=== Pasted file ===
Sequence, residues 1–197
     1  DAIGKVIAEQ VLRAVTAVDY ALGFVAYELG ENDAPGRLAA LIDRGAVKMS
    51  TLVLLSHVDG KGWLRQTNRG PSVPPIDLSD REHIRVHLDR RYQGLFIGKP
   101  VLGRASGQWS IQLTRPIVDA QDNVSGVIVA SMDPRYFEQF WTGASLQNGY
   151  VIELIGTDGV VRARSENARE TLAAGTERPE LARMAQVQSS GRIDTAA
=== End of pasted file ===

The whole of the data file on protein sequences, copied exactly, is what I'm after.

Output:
Sequence, residues 1–197
     1  DAIGKVIAEQ VLRAVTAVDY ALGFVAYELG ENDAPGRLAA LIDRGAVKMS
    51  TLVLLSHVDG KGWLRQTNRG PSVPPIDLSD REHIRVHLDR RYQGLFIGKP
   101  VLGRASGQWS IQLTRPIVDA QDNVSGVIVA SMDPRYFEQF WTGASLQNGY
   151  VIELIGTDGV VRARSENARE TLAAGTERPE LARMAQVQSS GRIDTAA